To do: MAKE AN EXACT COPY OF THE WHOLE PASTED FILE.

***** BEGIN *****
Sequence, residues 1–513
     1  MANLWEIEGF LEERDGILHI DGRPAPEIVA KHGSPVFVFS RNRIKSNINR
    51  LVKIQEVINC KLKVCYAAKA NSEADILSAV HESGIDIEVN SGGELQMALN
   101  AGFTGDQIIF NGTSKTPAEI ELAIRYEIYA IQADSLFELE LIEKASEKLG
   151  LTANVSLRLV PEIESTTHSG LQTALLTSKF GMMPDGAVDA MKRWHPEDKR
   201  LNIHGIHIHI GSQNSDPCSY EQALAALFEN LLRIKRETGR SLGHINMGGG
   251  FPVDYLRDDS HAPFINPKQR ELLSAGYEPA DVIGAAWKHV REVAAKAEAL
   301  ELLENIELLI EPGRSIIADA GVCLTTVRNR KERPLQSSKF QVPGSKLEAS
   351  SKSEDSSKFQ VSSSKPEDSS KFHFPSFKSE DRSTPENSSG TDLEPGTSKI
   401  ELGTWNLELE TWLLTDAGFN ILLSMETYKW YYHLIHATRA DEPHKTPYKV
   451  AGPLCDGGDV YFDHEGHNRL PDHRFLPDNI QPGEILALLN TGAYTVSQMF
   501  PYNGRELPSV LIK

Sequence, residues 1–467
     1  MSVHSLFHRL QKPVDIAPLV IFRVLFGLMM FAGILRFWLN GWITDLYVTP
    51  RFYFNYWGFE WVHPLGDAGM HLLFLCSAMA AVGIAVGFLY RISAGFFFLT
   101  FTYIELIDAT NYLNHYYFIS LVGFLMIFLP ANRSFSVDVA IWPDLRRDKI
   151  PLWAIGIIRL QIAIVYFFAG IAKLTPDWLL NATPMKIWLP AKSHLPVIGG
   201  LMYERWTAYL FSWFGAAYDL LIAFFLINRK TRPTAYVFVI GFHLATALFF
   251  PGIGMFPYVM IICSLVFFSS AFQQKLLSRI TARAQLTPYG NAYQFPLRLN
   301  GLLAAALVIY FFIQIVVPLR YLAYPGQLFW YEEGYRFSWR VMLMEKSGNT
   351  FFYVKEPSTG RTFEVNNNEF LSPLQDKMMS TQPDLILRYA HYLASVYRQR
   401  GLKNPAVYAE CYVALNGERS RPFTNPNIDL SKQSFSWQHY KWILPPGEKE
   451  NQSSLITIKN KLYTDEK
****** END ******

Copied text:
Sequence, residues 1–513
     1  MANLWEIEGF LEERDGILHI DGRPAPEIVA KHGSPVFVFS RNRIKSNINR
    51  LVKIQEVINC KLKVCYAAKA NSEADILSAV HESGIDIEVN SGGELQMALN
   101  AGFTGDQIIF NGTSKTPAEI ELAIRYEIYA IQADSLFELE LIEKASEKLG
   151  LTANVSLRLV PEIESTTHSG LQTALLTSKF GMMPDGAVDA MKRWHPEDKR
   201  LNIHGIHIHI GSQNSDPCSY EQALAALFEN LLRIKRETGR SLGHINMGGG
   251  FPVDYLRDDS HAPFINPKQR ELLSAGYEPA DVIGAAWKHV REVAAKAEAL
   301  ELLENIELLI EPGRSIIADA GVCLTTVRNR KERPLQSSKF QVPGSKLEAS
   351  SKSEDSSKFQ VSSSKPEDSS KFHFPSFKSE DRSTPENSSG TDLEPGTSKI
   401  ELGTWNLELE TWLLTDAGFN ILLSMETYKW YYHLIHATRA DEPHKTPYKV
   451  AGPLCDGGDV YFDHEGHNRL PDHRFLPDNI QPGEILALLN TGAYTVSQMF
   501  PYNGRELPSV LIK

Sequence, residues 1–467
     1  MSVHSLFHRL QKPVDIAPLV IFRVLFGLMM FAGILRFWLN GWITDLYVTP
    51  RFYFNYWGFE WVHPLGDAGM HLLFLCSAMA AVGIAVGFLY RISAGFFFLT
   101  FTYIELIDAT NYLNHYYFIS LVGFLMIFLP ANRSFSVDVA IWPDLRRDKI
   151  PLWAIGIIRL QIAIVYFFAG IAKLTPDWLL NATPMKIWLP AKSHLPVIGG
   201  LMYERWTAYL FSWFGAAYDL LIAFFLINRK TRPTAYVFVI GFHLATALFF
   251  PGIGMFPYVM IICSLVFFSS AFQQKLLSRI TARAQLTPYG NAYQFPLRLN
   301  GLLAAALVIY FFIQIVVPLR YLAYPGQLFW YEEGYRFSWR VMLMEKSGNT
   351  FFYVKEPSTG RTFEVNNNEF LSPLQDKMMS TQPDLILRYA HYLASVYRQR
   401  GLKNPAVYAE CYVALNGERS RPFTNPNIDL SKQSFSWQHY KWILPPGEKE
   451  NQSSLITIKN KLYTDEK